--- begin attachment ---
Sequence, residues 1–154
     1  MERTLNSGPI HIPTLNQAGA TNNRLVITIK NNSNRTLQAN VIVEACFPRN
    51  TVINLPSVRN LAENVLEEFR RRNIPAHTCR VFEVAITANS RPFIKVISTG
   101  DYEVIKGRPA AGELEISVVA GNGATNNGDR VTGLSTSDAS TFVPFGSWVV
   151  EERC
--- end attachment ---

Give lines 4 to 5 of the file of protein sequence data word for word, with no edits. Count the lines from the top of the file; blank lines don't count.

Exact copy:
   101  DYEVIKGRPA AGELEISVVA GNGATNNGDR VTGLSTSDAS TFVPFGSWVV
   151  EERC